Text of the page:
Alcoholics Anonymous History In Your Area
Alcoholics Anonymous woman group formed
by Neelam Sharma
Express India. com, Wednesday, 28 November 2007
Chandigarh, November 27 “I Started drinking after I got married. I began with wine 12 years ago to accompany my husband. Soon, I graduated to taking hard liquor, especially when there was no wine in the house. After a couple of years, I remember myself liberally taking liquor from my husband’s bottles when he was away. He was aware of my drinking habit. If I had low BP, I would take honey with rum to get a sound sleep. Slowly my capacity increased and I started hiding my husband’s liquor bottles so that I can hoard and drink later. I have a son and a daughter. Very recently I started passing out occasionally and my husband would rush home to attend to me. This was affecting his flourishing business. We then started arguing a lot and even thought of getting separated several times. My children, both teenagers now, were agonized and I was filled with guilt. Until a friend recommended AA three months ago,” narrates Payal, a housewife in her mid-40s, married into a well off family in the Tricity, who has now decided to fight the battle against alcoholism.
She and three other women are the first members of the woman’s chapter of Alcoholics Anonymous (AA) in Chandigarh. The first-of-its-kind group was formed just a week ago and the group will now meet on Wednesday to share their experience. An AA member from Ireland is here to help the city’s women conduct the group meetings.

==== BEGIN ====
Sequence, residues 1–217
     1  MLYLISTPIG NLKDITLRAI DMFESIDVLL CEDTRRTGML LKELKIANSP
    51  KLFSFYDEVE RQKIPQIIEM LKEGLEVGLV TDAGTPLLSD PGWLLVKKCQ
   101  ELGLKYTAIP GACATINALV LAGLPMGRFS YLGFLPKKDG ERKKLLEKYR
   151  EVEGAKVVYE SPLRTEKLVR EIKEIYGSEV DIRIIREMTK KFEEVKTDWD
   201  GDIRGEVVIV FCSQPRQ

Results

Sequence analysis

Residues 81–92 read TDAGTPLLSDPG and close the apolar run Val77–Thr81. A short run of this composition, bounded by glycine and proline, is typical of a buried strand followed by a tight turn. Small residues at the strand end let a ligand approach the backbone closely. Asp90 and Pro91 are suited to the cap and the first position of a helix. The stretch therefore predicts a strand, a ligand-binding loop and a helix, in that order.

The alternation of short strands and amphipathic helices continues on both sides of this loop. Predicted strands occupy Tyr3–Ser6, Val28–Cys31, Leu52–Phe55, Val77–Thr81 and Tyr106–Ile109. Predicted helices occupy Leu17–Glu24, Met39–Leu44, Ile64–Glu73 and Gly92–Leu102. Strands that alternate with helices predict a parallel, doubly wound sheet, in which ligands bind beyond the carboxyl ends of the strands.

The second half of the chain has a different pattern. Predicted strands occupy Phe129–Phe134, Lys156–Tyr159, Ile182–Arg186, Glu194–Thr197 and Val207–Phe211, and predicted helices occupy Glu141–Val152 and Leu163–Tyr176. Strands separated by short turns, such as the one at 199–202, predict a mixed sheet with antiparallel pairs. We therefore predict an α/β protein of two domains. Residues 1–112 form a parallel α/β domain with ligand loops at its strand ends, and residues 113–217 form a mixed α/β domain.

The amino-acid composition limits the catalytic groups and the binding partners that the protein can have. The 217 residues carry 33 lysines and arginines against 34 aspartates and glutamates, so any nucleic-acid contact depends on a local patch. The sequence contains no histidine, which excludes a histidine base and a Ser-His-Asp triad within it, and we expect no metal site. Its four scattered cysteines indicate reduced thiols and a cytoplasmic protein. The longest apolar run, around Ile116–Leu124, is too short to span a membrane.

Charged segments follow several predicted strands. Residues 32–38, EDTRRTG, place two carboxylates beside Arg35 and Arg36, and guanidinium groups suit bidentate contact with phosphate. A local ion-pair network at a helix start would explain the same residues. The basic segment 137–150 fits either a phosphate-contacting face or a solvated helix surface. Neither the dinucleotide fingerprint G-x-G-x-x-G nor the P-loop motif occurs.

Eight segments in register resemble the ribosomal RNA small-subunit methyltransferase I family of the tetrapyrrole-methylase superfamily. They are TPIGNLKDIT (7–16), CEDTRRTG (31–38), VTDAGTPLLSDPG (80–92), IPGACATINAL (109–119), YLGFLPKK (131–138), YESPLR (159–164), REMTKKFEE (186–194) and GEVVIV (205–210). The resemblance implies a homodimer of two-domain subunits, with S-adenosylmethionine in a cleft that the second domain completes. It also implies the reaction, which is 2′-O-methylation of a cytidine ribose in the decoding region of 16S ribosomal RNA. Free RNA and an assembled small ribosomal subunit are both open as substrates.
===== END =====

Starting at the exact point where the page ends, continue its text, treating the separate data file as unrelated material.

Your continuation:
“Though I have been drinking for more than a decade now, I only started to treat it as a disease very recently. It’s been three months since I have even touched liquor. I realise how many precious years of my life I wasted on alcohol,” says Payal, adding reluctantly: “I would have been a better mother without liquor.”
To join Payal in her group is Aradhna, a senior level government official, who tried beer as a young student to rebel against her “male-dominated family”, started regularly drinking with her husband and at official parties and is now hooked on it for the last 30 years.
“My family objected to my drinking and stopped talking to me for some time. My children kept blackmailing me emotionally saying that they would leave me if I did not stop drinking. Nothing helped. Medical reports showed that I had an enlarged liver. And my drinking increased manifolds after my husband died,” says Aradhna, in her 50s, promising herself that she would be regular with the women’s AA meetings now.
Meanwhile, Jillie from Ireland, who successfully said no to liquor after being heavily dependent on it for 18 long years, says the special woman’s forum would help women in the city share their problems with ease.
“There are social taboos which compel women to stay indoors and not share their problems. Alcoholism is no different in men and women. But I find that in India only men come to take part in such meetings. The group is geared to address that social problem.”
Ask Payal if there would be many women like her needing help, she says: “There are many who drink regularly but very few who realize that it’s a problem.”
Helpline for AA women
*98148-46768, 9876828771 email:firstname.lastname@example.org
*The AA for Woman, Chandigarh Chapter, will meet twice a week on Wednesdays and Saturdays at Carmel Convent School, Sector 9, at 6 pm.
*AA Chandigarh chapter has around 300 members, of which less than 10 are women.
(All names have been changed to protect identity)